You and your family are facing the diagnosis of a loved child with autism. I know you probably expect me to send you my sympathies, but that's not going to happen. Not because I don't sympathize with the journey you're about to take, but because it's not the tragedy that it seems. You see, autism is a neurological condition, not a disease. It's not an injury. It's not critical or life-threatening or terminal. Your family will never have to watch your beloved son and grandson endure endless surgeries and medical treatments that seem worse than the disease itself. You won't have to sit next to his hospital bed, watching and waiting and praying he makes it through the night. You probably won't have to bury him much too young. That's not saying that the road ahead is going to be easy, it just won't be tragic.
Now what I can remember of the times right after diagnosis aren't going to apply to your family. Thankfully, in the last 18 years, while the diagnostic rate of autism has skyrocketed, so has the research, training and understanding. More is understood about autism, more is understood about the nutritional aspects, therapy, and education. Teachers, aides, diagnosticians, therapists and doctors know more now than they did when I was just facing what you're facing now. Paths of therapy have been blazed, you will have access to more help and support, more options and a much broader future.
It took almost a year to find a doctor who could give me answers, and when I got the answers, it was an uphill battle to find support and education. To find therapists and teachers and support staff, and then to find training for them. In the last 18 years, great strides have been taken in developing programs that support and integrate autistic kids into the mainstream. No longer are they warehoused in rooms far away from their peers, isolated and stagnant. Now there are school programs, and after-school programs, and transitional programs. There are support departments in colleges and universities to help students on the spectrum access higher education.
The key right now is to not see autism as a limitation, but as an alternate route. Yes, you and his parents are going to have to adjust your dreams for him a bit, but you don't have to completely scrap them. Gone are the days when doctors break the news with the advice to abandon all hope for any type of productive life. Understanding Autism is a Broad Spectrum condition is key. There is a broad variety of symptoms, on a full scale from minor to severe. What this basically means is if you've seen one Autistic child, you've seen exactly ONE Autistic child. Both of the Cute Chicks are Autistic, and both are distinctly individual in their challenges and talents. Teen Queen can talk, but not hold in depth conversations or answer direct questions (her interview with her lawyer for custodial guardianship, "S., do you want to live in your own apartment?" "I don't know." "Do you want to live with your parents?" "I don't know." "S., what do you want?" "Banana cream pie." End of interview.) She loves sports and has a talent for statistics, organization and problem solving. She's a visual/tactile learner. Her limits are frequent and somewhat violent meltdowns that we're working on. She needs to work in a quiet environment with limited human interaction. Baby Queen is nonverbal and resists using sign language, PECS (picture exchange card system), or iPad. Does that mean she can't? No, she just refuses. We have a theory that she hasn't found anyone smart enough to understand her communications. BQ's strengths are an uncanny knack for reading people. And for blatant manipulation. She's the HBIC (Head Baby In Charge), everyone does her bidding, which is remarkable considering her lack of communication. My nephew is high-functioning/Asperger's. He's socially clueless, but learning. He's brilliantly creative and published his first graphic novel at 16. He found out SyFy Network's "Z Nation" was being filmed near his home in Spokane, found out how to get his SAG card, put together a resume and portfolio and then asked his mom to take him to the auditions. He's been a zombie extra in every episode of the first and second season. He even helped his little brother (not on the Spectrum) become an extra. The point is, be open to your grandson's abilities. Don't shut down any possibilities. Don't focus on his weaknesses or challenges, just work to creatively handle them.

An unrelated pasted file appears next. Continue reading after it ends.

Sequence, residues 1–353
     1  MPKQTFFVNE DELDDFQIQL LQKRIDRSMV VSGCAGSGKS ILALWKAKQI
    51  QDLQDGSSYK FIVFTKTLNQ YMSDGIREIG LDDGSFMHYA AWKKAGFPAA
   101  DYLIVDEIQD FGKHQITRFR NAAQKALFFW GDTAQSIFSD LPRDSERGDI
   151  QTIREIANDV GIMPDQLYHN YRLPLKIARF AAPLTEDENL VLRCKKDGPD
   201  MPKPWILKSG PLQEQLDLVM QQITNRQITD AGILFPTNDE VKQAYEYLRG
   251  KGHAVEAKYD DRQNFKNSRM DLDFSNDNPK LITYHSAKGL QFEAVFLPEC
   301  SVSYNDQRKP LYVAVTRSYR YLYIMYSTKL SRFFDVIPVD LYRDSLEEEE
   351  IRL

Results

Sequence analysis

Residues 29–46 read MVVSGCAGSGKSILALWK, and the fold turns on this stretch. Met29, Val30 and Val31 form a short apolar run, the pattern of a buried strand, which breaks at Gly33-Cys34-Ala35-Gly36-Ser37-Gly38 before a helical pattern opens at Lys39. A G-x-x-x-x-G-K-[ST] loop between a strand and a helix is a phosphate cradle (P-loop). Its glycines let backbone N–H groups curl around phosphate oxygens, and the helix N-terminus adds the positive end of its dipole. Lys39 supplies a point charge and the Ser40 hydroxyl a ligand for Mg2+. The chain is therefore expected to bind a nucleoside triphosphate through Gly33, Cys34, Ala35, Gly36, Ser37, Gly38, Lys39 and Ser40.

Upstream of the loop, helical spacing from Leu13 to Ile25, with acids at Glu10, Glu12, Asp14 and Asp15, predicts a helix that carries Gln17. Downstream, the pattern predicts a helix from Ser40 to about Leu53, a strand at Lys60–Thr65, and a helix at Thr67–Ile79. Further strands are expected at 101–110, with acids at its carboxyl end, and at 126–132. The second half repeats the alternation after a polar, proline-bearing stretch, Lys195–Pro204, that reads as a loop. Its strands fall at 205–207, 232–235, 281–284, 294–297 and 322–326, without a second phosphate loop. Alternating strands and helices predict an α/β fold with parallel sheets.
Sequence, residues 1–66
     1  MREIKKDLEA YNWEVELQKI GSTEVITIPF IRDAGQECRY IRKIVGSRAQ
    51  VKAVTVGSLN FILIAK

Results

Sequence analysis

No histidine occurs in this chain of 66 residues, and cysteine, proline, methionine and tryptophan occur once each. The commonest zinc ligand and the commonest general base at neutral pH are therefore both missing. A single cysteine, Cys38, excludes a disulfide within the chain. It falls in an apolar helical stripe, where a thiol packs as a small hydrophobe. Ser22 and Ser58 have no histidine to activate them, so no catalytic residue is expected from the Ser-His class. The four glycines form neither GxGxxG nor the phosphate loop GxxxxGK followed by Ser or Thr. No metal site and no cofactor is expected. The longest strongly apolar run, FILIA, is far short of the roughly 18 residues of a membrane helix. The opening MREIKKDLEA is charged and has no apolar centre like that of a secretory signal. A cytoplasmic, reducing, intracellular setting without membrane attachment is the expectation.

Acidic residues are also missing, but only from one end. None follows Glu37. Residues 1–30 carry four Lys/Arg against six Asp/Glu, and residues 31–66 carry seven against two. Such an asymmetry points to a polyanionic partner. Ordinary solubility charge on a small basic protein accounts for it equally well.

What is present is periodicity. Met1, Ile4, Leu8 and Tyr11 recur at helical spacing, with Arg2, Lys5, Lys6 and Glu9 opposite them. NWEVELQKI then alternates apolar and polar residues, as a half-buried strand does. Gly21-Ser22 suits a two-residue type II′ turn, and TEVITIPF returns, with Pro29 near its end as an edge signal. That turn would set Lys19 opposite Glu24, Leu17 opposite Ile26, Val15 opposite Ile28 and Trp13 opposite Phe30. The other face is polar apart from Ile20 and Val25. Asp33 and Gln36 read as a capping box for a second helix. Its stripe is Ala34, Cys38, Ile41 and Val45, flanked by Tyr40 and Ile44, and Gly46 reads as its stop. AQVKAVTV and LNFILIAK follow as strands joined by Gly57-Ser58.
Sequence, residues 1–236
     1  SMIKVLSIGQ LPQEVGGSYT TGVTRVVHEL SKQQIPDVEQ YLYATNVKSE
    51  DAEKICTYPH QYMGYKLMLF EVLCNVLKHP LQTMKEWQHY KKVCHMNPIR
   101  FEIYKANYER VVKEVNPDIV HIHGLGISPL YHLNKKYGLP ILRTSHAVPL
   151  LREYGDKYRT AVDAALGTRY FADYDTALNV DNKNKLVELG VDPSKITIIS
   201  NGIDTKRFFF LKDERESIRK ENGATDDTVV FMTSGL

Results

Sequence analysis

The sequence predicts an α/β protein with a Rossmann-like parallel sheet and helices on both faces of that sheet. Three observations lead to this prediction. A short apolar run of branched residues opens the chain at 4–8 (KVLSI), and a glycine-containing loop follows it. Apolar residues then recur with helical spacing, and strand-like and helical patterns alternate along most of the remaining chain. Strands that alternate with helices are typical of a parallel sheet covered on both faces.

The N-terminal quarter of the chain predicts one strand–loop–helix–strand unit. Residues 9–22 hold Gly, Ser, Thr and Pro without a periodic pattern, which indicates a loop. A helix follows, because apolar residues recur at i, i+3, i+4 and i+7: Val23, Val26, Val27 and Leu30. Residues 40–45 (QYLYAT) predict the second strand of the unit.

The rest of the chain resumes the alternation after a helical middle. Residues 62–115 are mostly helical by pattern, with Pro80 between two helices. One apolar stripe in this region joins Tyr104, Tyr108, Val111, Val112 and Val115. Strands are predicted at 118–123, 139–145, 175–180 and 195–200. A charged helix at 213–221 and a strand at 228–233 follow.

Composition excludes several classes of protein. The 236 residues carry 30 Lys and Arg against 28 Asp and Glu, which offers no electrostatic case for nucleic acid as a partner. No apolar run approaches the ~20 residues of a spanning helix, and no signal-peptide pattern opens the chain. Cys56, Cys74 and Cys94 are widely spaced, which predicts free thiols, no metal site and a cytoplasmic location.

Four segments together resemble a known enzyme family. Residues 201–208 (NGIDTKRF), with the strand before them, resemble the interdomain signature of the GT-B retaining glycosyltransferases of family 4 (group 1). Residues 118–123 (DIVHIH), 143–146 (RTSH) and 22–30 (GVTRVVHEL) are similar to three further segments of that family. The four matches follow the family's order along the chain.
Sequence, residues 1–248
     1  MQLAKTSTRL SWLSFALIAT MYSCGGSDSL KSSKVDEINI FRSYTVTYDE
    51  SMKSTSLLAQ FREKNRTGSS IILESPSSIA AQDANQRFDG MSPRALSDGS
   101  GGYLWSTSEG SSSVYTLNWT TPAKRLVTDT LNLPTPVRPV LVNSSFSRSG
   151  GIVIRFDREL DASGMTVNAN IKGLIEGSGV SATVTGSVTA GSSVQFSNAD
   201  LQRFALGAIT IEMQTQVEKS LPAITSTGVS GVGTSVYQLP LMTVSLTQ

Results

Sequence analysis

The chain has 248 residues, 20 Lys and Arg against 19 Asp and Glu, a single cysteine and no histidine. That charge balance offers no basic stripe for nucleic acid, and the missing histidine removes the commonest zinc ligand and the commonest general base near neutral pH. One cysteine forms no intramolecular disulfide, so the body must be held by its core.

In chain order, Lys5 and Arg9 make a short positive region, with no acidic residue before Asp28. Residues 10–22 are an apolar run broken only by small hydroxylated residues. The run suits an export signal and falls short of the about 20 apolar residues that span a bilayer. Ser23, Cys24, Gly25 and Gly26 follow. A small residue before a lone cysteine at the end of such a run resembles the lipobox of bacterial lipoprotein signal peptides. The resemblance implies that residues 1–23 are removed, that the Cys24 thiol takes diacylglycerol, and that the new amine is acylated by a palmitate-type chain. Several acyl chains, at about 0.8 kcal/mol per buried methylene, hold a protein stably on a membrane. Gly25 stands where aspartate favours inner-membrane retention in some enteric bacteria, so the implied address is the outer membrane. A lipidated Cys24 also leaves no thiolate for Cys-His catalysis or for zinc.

Understand that, like any neurotypical child, your grandson can become great and wonderful things, can have a full, happy and loving life. You may not get to fulfill all of your dreams with him, he may not be everything you'd imagined he could be. You just need to be open to who he can become and the fantastic journey you will take together. Your journey will be full of love and frustration and laughter and tears and patience. I can't stress that enough. Patience and a good sense of humor will be your most valuable tools. Let go of the old dreams and expectations. I actually had to go through a "mourning" period after getting the girls' diagnoses, an adjustment from the children I thought I'd have to the kids I actually have. And when you start thinking "small", review some names of autistic/Asperger people:
And even possibly: